By Andrew Starke
The hospitality sector is facing a period of uncertainty over access to the major training initiatives announced in last week’s Federal Budget.
The Government’s Building Australia’s Future Workforce program includes $3 billion in funding over six years to maximise the productivity of the Australian workforce, but the Australian Hotels Association (AHA) is concerned that the hospitality sector could miss out on the benefits.
Central to its concerns is that these training initiatives are being offered at a level higher than certificate two and three with some members from both accommodation hotels and pubs having already cast doubt on whether they will be able to continue in-house training programs.
AHA National CEO Des Crowe welcomed the big-spending commitment to training outlined in the Budget, but wondered whether hotels would be able to access the new initiatives.
“The Government’s focus on developing the workforce is to be welcomed”, he said.
“But the Building Australia’s Future Workforce program has come at the expense of existing training measures which have been used by hotels.
“Hotels are facing crippling skills and labour shortages and it is unclear whether the industry will attain a fair share of access to these training initiatives, given the size of its workforce in comparison to other industries.”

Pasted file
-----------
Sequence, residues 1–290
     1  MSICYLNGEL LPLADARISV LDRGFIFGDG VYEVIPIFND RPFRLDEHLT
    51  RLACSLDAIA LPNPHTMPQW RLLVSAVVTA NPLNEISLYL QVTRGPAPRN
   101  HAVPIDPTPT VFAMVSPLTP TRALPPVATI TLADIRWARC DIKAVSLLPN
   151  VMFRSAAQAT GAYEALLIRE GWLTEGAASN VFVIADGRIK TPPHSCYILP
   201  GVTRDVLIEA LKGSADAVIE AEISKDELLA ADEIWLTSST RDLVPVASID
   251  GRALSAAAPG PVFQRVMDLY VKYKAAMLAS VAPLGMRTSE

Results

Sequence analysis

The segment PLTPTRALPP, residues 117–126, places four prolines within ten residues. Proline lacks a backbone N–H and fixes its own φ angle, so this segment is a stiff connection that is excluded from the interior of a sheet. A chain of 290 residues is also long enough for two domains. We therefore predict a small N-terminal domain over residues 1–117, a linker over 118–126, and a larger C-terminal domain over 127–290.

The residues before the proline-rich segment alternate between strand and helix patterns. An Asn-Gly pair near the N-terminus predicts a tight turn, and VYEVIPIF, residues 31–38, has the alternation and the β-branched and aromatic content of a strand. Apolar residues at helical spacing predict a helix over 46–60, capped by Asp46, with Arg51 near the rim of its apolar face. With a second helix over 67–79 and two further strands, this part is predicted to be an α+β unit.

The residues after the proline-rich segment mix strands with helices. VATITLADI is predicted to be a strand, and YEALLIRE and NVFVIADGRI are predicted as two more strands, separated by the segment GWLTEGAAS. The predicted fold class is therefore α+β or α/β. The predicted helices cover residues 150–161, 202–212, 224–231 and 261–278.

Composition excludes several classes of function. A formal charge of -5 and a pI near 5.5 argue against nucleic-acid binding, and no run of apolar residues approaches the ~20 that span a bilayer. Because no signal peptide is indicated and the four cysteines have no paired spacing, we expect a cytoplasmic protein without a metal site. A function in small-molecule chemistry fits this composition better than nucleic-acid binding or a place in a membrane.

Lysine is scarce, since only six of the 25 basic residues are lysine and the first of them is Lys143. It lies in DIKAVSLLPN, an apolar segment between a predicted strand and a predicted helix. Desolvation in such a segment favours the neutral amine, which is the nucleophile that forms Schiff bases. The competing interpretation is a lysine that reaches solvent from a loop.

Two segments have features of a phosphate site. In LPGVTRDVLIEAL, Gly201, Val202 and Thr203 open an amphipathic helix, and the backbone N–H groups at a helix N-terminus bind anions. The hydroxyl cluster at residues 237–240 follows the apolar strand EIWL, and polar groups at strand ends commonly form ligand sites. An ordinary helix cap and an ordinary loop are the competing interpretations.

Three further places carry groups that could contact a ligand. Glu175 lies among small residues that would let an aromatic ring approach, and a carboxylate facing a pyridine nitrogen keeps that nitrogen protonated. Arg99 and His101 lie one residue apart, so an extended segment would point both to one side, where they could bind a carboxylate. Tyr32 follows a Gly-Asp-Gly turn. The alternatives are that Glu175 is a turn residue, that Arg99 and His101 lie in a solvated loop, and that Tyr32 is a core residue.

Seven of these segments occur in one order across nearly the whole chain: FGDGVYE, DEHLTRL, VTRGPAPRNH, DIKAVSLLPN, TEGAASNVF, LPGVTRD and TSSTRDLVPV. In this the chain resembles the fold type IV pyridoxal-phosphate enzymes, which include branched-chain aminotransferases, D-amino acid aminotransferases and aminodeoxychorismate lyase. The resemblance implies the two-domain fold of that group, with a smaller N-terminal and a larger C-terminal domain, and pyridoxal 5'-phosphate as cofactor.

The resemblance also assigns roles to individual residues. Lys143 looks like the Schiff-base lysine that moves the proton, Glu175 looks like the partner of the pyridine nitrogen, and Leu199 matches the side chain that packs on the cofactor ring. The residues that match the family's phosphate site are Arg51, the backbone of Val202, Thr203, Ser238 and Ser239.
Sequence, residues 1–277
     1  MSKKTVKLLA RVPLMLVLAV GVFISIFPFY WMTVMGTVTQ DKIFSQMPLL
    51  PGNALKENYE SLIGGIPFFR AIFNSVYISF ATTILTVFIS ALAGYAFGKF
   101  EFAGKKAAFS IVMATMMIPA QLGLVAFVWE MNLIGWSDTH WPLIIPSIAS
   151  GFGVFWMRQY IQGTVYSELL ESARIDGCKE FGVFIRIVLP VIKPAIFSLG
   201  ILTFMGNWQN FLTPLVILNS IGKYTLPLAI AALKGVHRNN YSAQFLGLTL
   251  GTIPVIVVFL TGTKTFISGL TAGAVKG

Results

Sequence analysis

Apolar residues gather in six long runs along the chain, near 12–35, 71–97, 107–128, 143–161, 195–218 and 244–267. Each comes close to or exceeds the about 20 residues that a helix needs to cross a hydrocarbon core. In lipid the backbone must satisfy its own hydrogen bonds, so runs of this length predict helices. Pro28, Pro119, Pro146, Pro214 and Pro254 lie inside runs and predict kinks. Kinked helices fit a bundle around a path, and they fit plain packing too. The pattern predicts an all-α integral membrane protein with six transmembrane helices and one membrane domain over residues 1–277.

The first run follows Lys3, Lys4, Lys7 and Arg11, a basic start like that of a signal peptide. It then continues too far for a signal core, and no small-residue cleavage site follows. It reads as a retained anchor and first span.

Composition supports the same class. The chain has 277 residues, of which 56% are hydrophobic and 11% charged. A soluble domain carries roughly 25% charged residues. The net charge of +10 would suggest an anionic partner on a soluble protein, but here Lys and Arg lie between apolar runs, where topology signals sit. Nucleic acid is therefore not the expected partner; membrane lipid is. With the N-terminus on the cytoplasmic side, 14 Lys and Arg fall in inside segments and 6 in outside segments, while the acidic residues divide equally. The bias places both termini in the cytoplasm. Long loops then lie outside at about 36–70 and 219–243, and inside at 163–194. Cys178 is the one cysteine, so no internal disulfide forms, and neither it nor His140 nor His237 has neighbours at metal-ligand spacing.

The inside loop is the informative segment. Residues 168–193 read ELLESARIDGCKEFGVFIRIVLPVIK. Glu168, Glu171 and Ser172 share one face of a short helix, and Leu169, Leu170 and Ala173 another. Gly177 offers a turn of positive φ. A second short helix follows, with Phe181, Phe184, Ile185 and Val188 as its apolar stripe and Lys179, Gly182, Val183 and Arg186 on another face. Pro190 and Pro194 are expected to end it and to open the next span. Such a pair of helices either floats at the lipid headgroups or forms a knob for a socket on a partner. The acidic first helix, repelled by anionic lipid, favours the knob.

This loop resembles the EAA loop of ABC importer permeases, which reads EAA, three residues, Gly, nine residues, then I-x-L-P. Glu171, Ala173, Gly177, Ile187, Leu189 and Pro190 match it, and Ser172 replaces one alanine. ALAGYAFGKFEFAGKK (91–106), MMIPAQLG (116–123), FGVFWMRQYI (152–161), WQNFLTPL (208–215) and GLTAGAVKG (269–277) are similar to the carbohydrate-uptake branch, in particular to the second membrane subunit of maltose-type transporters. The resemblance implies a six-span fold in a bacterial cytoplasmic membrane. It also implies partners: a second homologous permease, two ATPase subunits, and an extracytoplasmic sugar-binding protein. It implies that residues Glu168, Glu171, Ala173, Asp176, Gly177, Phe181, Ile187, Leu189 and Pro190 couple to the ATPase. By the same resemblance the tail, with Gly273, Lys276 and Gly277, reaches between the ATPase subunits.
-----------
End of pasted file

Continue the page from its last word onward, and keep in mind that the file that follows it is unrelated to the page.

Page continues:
The Building Australia’s Future Workforce program has been heralded as one of the major initiatives in the Budget, designed to address the workforce shortages which are holding back a number of industries.
Tourism Australia has said up to 150,000 additional tourism jobs will be required to meet its growth targets so it is imperative that our industry has access to this program.
The AHA said the measures should be seen in the context of recent policy decisions which have adversely affected the hospitality workforce such as the removal of chefs from the Skilled Occupation List despite ongoing critical shortages and the downgrading of the industry by the Government’s Expert Panel on Apprenticeships.
“In light of these recent policy decisions the AHA will be seeking assurances that a fair share of Building Australia’s Future Workforce will be Building Australia’s Hospitality Workforce”, said Crowe.
“The reality for our members is that service standards are critical and access to supported training at a lower level is essential for the development of the industry.
“Clearly there will be a role for the states and territories to play and the AHA is already working with governments across the country to ensure a fair go for the hospitality sector alongside what is being provided for the mining, construction and aged care sectors.
“The commitment to support for regional Australia provides some optimism for our members in these areas that their training needs will be favourably considered despite the announcements in the Budget.”